We mobile tech nerds love our accessories, and manufacturers love to sell them to us. Between wearables, VR headsets, and voice-controlled home automation, accessories for smartphones have never been more varied. We've covered and reviewed quite a few this year on Android Police, and here are our picks for the top five.

Note that this list is limited to the products that we personally reviewed here on the site - it isn't intended to be a be-all, end-all list for every product in the wide world of mobile tech, because we simply don't have that kind of manpower. If there's something that's come out within the last calendar year that you really love, let us know in the comments section.

Fitbit Charge 2


You might notice a distinct lack of Android Wear devices in this roundup. That's because, despite a wider field of manufacturers and some small improvements to the platform itself, Android Wear didn't make any huge strides forward in 2016. Version 2.0 is still a long way off (it's in developer preview right now), and some of the original hardware partners have lost their enthusiasm. Smartwatches as a segment seem to be on a considerable slide downwards, perhaps victims of their own futuristic expectations.

On the other hand (no pun intended), the larger wearable market is much healthier thanks to fitness trackers. These more focused devices can handle most of the core fitness and notification duties of smartwatches without the full color screen and limited battery life. Rita declared the Fitbit Charge 2 the best of the bunch in her review, thanks to its minimalist design, large, readable screen, continuous heart rate tracking, and the strength of the FitBit community.


The Charge 2's simple aesthetics fit in with just about any outfit, and the color bands are swappable if you prefer something a little more formal. The companion Android app is easy to use and offers extensive tracking and personal history, plus quick notifications on the wearable's screen, though there's not much you can do beyond see a snippet of text. Downsides include an annoying charger and a battery life of "only" 4-5 days, which still beats just about any full color smartwatch on the market.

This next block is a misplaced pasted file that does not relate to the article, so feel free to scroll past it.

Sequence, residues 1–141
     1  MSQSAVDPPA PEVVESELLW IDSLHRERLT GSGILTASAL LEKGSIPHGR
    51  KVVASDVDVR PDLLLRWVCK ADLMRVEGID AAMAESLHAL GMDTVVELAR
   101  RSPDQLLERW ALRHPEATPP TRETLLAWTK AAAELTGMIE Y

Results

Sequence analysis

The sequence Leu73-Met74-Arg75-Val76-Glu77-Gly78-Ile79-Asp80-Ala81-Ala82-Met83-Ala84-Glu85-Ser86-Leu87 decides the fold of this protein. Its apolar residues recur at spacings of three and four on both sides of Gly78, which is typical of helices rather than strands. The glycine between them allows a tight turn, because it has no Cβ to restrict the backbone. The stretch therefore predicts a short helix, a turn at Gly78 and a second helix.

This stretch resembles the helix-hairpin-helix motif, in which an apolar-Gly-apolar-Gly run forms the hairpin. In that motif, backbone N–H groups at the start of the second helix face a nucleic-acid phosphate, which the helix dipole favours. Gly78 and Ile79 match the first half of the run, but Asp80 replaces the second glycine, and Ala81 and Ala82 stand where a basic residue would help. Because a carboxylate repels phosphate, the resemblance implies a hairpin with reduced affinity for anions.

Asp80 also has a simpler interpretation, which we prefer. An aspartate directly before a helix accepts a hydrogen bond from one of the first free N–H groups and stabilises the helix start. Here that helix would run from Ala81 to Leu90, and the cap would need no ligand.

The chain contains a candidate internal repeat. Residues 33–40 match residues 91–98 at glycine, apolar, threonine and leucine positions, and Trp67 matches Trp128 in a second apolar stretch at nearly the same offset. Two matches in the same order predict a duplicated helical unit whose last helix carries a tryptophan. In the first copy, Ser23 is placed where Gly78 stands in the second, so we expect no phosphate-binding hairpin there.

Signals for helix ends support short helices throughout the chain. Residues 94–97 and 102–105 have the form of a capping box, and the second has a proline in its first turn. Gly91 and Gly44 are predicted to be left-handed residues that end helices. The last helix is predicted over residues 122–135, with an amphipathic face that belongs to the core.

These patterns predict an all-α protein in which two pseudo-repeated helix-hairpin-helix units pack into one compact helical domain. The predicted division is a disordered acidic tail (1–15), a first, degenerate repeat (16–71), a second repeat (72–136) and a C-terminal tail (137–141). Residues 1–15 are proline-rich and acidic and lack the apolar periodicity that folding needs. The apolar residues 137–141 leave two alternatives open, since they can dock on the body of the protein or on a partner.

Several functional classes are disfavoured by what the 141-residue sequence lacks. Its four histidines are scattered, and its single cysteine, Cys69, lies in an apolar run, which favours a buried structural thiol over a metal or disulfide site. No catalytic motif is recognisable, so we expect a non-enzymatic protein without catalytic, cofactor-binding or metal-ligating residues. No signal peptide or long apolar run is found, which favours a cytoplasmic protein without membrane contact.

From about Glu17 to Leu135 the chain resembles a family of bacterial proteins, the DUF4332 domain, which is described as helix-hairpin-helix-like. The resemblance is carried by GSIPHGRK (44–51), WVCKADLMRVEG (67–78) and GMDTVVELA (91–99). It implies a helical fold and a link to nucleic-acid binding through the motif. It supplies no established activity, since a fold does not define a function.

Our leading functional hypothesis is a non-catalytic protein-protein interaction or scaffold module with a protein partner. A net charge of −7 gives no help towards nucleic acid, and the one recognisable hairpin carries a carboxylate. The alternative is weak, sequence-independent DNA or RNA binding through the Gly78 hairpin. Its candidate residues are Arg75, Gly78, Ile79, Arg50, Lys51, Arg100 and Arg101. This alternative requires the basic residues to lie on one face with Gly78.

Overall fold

The FitBit Charge 2 retails for $150, though it's available for $130 at the moment.

Google Live Case


Picking a single phone case for a platform as diverse as Android is problematic, but there's no denying that Google's Live Case is the most exciting option on the market right now. Though they're only available for the last two generations of Google phones (Pixel, Pixel XL, Nexus 5X and 6P), anyone with one of these devices should definitely check out Google's offering. The standard hard case covers all of the phones' most vulnerable edges and impact zones, though it won't protect them from more extreme hazards or water damage.

But who cares? Between the new artists and designs Google constantly adds to its gallery, the ability to upload your own photos or artwork to make custom cases, and the extra NFC button functionality baked in, these are hands-down the best minimalist cases on the market. Each design case comes with a matching live wallpaper to complete the look, and the NFC button can be customized to any app or action you like.


If there's a downside to the Live Case (aside from the limited availability), it's the price. $40 is a lot to ask for a piece of plastic with an NFC tag, and similar hard cases without the funky designs can be had starting at around $10. (I personally recommend Incipio's Feather series for thin hard cases on a budget.) But if you're willing to splurge a little on a fancy design for your Pixel or Nexus, you won't be disappointed.

Google Live Cases are $40 each, exclusively on the Google Store.

V-Moda Crossfade Wireless headphones


There are a lot of options for full around-the-ear headphones out there, but V-Moda's Crossfade Wireless model is our pick. These cans cost a whopping $300 retail, but great sound and a ton of mobile-focused features make them worth the investment for those who want a quality set for their phone. From the interchangeable plates to the multi-device pairing to wireless and wired operation, they cover just about every angle for audiophile-grade headphones that are great on the go.